Hey Microsoft, where's the next Mac Office?
Microsoft's suite for OS X is overdue when compared to past development benchmarks
Computerworld - Where is the next Office for the Mac?
Microsoft is behind the schedule it used for the last several iterations, and has not breathed a word about its Mac intentions. In fact, the blog kept by the California-based development team that works on Office for Mac hasn't been updated since Aug. 5, 2013, more than seven months ago.
That's what those in the trade call stealth mode.
The last time Microsoft launched a new Office for OS X was October 2010, when it rolled out Office for Mac 2011. Prior to that, Microsoft issued upgrades in January 2008 (Office for Mac 2008), May 2004 (Office for Mac 2004) and November 2001 (Office v. X).
The average spread between Office for Mac editions -- going back as far as Office v. X -- has been 1,088 days. But as of Thursday, it had been 1,213 days since the launch of Office for Mac 2011.
Historically, Microsoft has hewn to a three-year development cycle for both Office on the Mac and the far-more-popular Office suite for Windows, with a new version of the former following the newest of the latter by several months at a minimum.
Office for Mac 2011, for instance, followed Office 2010 on Windows by 134 days, or just over four months. Office for Mac 2008, however, came 351 days, or nearly a year, after the debut of its Windows sibling, Office 2007. But even the longer lag time of the latter has now been exceeded: Office 2013 for Windows launched Jan. 29, 2013, 13 months ago.
The development team responsible for Office on the Mac, dubbed Macintosh Business Unit (MacBU), requires the lag time to incorporate changes that other engineering groups made to the Windows predecessor. The Windows and OS X Office development teams don't work in tandem, but in sequence, with Windows taking the lead and OS X following.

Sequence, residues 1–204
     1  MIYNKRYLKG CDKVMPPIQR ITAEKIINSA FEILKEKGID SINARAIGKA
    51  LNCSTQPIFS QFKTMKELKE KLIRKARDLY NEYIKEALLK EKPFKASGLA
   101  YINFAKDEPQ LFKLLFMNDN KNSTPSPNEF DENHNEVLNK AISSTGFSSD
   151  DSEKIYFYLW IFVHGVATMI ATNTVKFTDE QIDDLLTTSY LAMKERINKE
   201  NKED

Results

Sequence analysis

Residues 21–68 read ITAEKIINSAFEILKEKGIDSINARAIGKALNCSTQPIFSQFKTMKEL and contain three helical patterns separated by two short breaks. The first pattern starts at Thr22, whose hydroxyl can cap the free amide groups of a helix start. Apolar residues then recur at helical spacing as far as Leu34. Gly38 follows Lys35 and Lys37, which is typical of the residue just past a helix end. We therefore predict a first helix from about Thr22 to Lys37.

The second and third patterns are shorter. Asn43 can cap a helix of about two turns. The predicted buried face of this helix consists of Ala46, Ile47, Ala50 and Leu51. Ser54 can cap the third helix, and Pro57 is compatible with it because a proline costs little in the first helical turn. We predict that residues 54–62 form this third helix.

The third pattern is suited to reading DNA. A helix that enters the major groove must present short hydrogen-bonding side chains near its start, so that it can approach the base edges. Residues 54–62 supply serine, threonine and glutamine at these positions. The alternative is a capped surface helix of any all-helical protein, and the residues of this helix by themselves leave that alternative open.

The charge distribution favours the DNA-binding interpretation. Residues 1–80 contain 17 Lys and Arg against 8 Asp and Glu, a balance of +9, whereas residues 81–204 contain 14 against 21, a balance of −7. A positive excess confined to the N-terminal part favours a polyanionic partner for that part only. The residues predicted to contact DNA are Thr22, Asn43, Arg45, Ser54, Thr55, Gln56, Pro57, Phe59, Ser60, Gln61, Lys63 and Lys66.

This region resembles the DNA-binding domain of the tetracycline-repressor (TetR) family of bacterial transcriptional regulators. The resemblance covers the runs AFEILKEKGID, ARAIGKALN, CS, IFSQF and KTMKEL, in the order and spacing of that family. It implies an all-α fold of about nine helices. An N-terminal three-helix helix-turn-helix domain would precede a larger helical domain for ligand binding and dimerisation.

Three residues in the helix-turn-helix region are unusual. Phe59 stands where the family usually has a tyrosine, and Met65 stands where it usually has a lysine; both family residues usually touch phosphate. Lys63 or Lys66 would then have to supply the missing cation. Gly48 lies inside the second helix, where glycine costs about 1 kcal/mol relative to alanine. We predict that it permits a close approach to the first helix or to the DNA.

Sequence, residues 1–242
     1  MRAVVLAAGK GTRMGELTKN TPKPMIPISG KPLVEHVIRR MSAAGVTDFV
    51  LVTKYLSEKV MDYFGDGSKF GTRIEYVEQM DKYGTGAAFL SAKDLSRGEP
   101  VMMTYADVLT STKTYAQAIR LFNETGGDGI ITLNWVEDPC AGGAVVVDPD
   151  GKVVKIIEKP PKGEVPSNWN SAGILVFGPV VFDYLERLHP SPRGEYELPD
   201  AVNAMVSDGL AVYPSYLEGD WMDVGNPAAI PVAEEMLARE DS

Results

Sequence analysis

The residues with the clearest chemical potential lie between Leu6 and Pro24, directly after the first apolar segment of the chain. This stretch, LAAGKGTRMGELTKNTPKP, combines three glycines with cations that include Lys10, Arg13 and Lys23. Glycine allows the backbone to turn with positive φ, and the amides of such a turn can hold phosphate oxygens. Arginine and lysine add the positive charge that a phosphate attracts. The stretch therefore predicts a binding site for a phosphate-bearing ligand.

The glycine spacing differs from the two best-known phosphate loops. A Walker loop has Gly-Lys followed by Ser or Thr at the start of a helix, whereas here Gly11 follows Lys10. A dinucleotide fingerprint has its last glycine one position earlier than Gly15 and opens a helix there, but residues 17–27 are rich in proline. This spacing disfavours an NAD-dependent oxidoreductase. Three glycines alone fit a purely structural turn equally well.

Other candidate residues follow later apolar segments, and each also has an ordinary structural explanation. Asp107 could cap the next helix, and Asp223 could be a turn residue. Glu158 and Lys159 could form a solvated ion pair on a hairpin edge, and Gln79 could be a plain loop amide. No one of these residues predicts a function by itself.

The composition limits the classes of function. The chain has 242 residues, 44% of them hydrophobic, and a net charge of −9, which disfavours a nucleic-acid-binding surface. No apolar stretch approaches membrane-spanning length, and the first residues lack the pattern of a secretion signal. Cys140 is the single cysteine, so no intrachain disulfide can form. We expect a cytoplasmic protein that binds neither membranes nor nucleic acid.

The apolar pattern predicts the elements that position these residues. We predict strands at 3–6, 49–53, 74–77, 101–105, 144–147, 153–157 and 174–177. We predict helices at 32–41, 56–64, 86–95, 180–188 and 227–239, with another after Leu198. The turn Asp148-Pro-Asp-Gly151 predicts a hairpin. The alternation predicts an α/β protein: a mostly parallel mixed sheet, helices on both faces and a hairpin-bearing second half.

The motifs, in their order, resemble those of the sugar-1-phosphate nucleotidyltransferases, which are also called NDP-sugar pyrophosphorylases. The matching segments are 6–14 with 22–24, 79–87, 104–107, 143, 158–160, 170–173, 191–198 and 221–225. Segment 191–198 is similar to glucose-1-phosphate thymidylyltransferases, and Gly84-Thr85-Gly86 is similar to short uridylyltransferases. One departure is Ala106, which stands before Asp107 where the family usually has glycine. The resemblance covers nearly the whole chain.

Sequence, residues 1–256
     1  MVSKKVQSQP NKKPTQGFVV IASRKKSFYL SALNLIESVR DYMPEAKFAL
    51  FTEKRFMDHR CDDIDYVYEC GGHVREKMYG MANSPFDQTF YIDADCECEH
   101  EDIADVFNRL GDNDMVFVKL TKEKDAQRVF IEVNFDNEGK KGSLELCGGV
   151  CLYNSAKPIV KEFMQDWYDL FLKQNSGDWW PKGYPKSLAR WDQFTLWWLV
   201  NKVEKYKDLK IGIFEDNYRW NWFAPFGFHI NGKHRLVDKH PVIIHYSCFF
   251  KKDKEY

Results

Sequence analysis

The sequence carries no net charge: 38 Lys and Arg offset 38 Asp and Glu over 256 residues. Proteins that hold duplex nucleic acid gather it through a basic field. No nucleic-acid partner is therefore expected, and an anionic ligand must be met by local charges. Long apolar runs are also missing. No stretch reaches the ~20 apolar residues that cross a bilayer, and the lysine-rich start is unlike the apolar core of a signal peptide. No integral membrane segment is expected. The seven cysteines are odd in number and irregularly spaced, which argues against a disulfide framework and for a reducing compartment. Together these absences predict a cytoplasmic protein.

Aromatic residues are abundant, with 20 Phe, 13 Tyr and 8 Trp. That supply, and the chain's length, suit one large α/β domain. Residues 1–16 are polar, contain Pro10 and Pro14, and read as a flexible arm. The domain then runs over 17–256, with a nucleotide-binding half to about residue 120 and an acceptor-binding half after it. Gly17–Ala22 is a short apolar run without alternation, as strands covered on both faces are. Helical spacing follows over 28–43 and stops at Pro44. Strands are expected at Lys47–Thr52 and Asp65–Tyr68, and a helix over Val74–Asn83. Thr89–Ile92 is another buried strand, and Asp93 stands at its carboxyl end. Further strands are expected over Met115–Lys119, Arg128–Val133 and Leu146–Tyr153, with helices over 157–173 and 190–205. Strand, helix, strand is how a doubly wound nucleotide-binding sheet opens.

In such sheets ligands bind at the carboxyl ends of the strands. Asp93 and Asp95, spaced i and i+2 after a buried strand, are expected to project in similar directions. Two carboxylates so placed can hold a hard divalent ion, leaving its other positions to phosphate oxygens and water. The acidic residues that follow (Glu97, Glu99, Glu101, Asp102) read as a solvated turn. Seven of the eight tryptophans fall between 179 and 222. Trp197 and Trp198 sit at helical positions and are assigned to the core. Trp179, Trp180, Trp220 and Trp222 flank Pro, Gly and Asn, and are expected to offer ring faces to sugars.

What's odd is Microsoft's silence about the next Office for the Mac. The last cycle -- for Office for Mac 2011 -- the company was comparatively loquacious, announcing its intentions to craft the suite about 14 months before shipping the software, and it gave semi-regular updates on its MacBU blog.
News of the next Office for Mac? Nothing.
There's no chance that Microsoft will pull Office for the Mac from its portfolio: The company has touted Office 365, the rent-not-own subscription plans for both consumers and businesses, as providing up to five licenses for either Windows or OS X editions of the suites' desktop applications. To dump the Mac suite, even though its sales are Lilliputian in comparison to that for Windows, would be an embarrassment at least, and seen as a betrayal by those who committed to subscriptions rather than buy traditional "perpetual" licenses.
Still, Microsoft looks out over a different landscape than 40 months ago when it launched Office for Mac 2011.
Last fall, Apple set free its rival suite, iWork, giving away the three OS X applications of Pages, Numbers and Keynote to every new Mac buyer. In households -- but not businesses -- with multiple Macs, that effectively means all the machines can be equipped with iWork for free.
How Microsoft will deal with a free iWork is unknown. Currently, Microsoft charges $140 for the single-license Home & Student edition, $220 for a one-license copy of Home & Business, and $100 annually for an Office 365 subscription. Even that third option, with its five licenses, may seem pricy to Mac owners used to the free iWork and satisfied with its fewer features.
Also important is the ticking clock on Office for Mac 2011.
Microsoft supports Mac editions of Office for just five years, half the support lifecycle of the Windows' suite, and Office for Mac 2011's retirement date is not that far away: Jan. 12, 2016. Microsoft could extend support for Office for Mac 2011 -- it did that for Office for Mac 2004 -- but if it does not, it needs to provide a replacement soon to give customers time to migrate.
In the past, Microsoft has used the Macworld trade show and conference to demo its upcoming Office for Mac. This year, Macworld, now called "Macworld/iWorld," is slated to run March 27-29 in San Francisco. (The Macworld/iWorld conference is run by IDG, the parent company of Computerworld and its sister publication and website, Macworld.) However, Microsoft is not on this year's exhibitors' list for the trade show.
Gregg Keizer covers Microsoft, security issues, Apple, Web browsers and general technology breaking news for Computerworld. Follow Gregg on Twitter at @gkeizer, or subscribe to Gregg's RSS feed . His email address is email@example.com.
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